Page:The Prelude, Wordsworth, 1850.djvu/253

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BOOK VIII.]
231
RETROSPECT.

The scene before him stands in perfect view
Exposed, and lifeless as a written book!—
But let him pause awhile, and look again,
And a new quickening shall succeed, at first
Beginning timidly, then creeping fast,
Till the whole cave, so late a senseless mass,
Busies the eye with images and forms
Boldly assembled,—here is shadowed forth
From the projections, wrinkles, cavities,
A variegated landscape,—there the shape
Of some gigantic warrior clad in mail,
The ghostly semblance of a hooded monk,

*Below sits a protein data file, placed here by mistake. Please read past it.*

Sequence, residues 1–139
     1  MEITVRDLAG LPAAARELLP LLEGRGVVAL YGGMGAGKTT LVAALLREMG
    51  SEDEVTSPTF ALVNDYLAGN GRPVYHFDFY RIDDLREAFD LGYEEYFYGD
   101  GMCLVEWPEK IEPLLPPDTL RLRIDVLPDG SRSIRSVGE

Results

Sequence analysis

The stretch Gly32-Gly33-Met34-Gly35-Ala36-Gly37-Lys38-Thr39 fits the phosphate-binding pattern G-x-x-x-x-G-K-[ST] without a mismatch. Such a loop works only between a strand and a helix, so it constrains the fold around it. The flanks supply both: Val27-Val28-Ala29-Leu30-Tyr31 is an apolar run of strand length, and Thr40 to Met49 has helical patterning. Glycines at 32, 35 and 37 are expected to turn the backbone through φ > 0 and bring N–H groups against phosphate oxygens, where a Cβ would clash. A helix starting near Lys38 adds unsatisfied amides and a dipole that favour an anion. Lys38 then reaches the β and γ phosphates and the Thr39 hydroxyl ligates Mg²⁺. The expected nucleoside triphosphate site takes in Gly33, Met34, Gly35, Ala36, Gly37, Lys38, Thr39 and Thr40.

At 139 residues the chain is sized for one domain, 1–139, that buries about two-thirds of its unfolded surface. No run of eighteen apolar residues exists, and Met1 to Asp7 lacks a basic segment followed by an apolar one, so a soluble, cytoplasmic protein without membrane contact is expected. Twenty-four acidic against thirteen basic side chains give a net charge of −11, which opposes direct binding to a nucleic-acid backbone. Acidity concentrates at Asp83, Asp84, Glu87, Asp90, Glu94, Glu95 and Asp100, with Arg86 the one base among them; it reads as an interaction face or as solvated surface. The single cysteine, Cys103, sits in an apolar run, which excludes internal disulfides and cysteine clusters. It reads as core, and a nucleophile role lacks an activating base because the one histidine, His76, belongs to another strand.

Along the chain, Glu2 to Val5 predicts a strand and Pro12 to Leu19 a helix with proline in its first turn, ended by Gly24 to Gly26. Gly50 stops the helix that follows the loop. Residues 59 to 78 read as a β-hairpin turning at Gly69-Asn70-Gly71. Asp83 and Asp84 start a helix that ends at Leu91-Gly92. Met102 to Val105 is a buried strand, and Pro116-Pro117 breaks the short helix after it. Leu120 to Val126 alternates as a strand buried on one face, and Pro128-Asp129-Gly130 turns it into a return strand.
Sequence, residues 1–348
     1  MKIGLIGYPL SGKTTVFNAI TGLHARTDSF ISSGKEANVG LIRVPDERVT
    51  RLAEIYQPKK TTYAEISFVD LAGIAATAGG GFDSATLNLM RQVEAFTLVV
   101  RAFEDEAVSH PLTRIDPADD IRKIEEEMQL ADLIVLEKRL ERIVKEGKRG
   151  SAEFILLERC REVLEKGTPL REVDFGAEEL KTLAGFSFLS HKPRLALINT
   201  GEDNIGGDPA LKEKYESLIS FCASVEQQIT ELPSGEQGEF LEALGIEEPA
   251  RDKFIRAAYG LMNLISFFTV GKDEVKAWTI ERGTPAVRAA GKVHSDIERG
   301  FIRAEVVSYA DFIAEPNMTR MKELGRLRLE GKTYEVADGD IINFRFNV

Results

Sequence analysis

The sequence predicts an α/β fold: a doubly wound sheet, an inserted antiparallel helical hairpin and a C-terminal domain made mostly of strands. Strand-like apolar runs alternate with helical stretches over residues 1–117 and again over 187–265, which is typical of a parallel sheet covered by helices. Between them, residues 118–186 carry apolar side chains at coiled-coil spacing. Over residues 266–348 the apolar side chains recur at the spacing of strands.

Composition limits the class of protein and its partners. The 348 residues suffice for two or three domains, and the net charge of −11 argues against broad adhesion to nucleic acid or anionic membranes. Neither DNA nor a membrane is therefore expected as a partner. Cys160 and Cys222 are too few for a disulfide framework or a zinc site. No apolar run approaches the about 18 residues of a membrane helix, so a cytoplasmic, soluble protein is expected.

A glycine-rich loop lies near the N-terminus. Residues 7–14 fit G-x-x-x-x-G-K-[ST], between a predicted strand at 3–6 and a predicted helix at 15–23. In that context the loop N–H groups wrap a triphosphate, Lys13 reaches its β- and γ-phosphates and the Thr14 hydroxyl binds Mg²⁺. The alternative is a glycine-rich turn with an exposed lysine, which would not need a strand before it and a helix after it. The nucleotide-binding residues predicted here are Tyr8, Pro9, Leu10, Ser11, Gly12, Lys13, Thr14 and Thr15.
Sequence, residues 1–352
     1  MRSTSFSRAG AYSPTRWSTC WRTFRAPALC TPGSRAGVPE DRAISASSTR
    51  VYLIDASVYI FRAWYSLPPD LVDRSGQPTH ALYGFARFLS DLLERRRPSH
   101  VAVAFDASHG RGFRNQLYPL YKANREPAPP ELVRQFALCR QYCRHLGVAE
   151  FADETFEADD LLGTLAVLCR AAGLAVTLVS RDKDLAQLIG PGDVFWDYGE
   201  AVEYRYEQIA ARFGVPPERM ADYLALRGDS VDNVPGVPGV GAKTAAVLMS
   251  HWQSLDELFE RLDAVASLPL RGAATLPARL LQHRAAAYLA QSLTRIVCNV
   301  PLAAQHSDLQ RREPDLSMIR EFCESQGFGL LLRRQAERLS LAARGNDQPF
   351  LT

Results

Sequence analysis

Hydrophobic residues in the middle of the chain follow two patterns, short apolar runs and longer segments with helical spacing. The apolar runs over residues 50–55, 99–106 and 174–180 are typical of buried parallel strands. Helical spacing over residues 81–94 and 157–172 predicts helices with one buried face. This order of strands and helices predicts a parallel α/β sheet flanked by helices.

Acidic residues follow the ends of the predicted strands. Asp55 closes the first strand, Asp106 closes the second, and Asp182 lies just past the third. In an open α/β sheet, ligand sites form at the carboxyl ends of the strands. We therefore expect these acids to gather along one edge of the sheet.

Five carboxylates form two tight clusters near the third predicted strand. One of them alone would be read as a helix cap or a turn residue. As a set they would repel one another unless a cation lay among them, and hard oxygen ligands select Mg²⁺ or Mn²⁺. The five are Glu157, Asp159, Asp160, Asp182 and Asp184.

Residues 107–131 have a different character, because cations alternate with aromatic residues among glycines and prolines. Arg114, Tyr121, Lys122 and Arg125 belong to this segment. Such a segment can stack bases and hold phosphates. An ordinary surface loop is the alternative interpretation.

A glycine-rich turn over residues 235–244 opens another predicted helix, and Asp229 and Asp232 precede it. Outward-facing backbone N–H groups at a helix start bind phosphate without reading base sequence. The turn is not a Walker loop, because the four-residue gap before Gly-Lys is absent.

Veiled nun, or pilgrim resting on his staff:
Strange congregation! yet not slow to meet
Eyes that perceive through minds that can inspire.


Even in such sort had I at first been moved,
Nor otherwise continued to be moved,
As I explored the vast metropolis,
Fount of my country's destiny and the world's;
That great emporium, chronicle at once
And burial-place of passions, and their home
Imperial, their chief living residence.


With strong sensations teeming as it did